In October 2020 the National Highway Traffic and Safety Administration (NHTSA) started an investigation of the Chevrolet Bolt EV because of potential battery fires while charging. In November, Chevrolet announced a recall affecting 2017-2018 and select 2019 Chevrolet Bolt EVs manufactured by LG Chem’s Ochang Korea facility. More than 68,000 Chevy Bolt EV’s have been recalled.
The safety recall from the NHTSA states the following:
As an interim remedy, dealers will reprogram the hybrid propulsion control module 2 9HPCM2) to limit full charge to 90%. Until this interim reedy is completed, customers should enable either “Hilltop Reserve” )for 2017-2018 model year vehicles) or “Target Charge Level” (for 2019 model year vehicles) using their vehicle’s infotainment center. These two features will limit the vehicle’s state of charge to 90% until the HPCM2 software re-calibration is applied. If customers are unable to successfully make these changes, or do not feel comfortable making these changes, they will be advised to not park their car in their garage or carport until after they have visited their dealer.
Pursuant to 49 C.F.R. 573.13(d)(1), all covered vehicles are under warranty, so reimbursement is not offered.
The revised software will limit the vehicle’s full charge to 90% of the battery’s capacity.
Design level N2.1 battery cells wre no longer used in production after 2019 model year.
The final remedy is still under development. Owners were notified of the interim repair beginning November 17, 2020. A second notice will be mailed when the final repair becomes available. GM’s number for this recall is N202311730 and the NHTSA campaign number is 20V-701 .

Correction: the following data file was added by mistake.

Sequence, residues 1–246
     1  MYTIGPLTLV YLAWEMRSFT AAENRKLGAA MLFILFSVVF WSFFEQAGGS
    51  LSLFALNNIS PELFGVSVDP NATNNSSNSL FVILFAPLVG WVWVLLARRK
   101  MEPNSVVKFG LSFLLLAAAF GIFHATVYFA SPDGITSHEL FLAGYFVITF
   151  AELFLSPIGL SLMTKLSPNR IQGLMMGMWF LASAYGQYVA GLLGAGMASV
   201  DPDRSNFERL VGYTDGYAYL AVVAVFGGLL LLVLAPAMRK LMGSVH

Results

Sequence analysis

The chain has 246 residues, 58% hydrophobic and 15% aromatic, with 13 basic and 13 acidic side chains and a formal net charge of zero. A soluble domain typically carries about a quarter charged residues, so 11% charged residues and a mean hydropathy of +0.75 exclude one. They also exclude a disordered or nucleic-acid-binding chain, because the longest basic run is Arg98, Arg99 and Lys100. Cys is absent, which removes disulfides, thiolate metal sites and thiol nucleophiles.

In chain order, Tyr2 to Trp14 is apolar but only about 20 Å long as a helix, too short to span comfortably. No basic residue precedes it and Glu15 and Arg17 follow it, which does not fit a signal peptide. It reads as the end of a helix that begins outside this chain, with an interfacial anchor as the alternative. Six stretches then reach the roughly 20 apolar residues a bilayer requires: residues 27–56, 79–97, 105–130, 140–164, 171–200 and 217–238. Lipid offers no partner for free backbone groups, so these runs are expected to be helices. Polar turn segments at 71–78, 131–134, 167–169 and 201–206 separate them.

If you own one of these vehicles and are concerned or have questions about your recourse under the California Lemon Law, please contact the Law Office of Barry L. Edzant at 888-395-3666 to speak with the attorney.
Our client leased a 2017 GMC Yukon. After trying unsuccessfully eight times to have his vehicle repaired, he called our law office for advice and to retain our firm.
In April 2017 he took it to an authorized GMC dealership because the airbag light was on. In May he returned to the dealership because he had hot air coming out of the air conditioner and a loud crunching noise in the dash. His third visit was on account of the vehicle making a loud popping/clicking noise while making a turn. In September the Yukon was in due to it was leaking an oily fluid which was coming from the front wheel area. The next visit was in January 2018 because the vehicle had lost power at an intersection and had to be pushed and towed. His sixth visit was in May – the brake light was not working. In September he brought his Yukon in due to the air conditioning was blowing hot air again. His last visit to the dealership was in December 2018 because of a loud tapping noise from the right. We analyzed our client’s potential lemon law case by reviewing all the repair orders and determined that he had a valid claim under the California lemon law to have the vehicle repurchased.
We sent a demand letter to the manufacturer and demanded that they buy back the vehicle under the California Lemon Law. General Motors Corporation agreed to repurchase the defective 2017 GMC Yukon, pay off the balance on the lease and reimburse our client for the down payment, monthly payments, less a mileage fee allowed under the California Lemon Law. The also paid the attorney fees. We were also able to get additional compensation for our client.
Our client could not have been happier to get rid of the vehicle. If you think you may be driving a lemon, please call The Law Office of Barry L. Edzant at 888-395-3666 for a free consultation. We handle California Lemon Law cases throughout the state.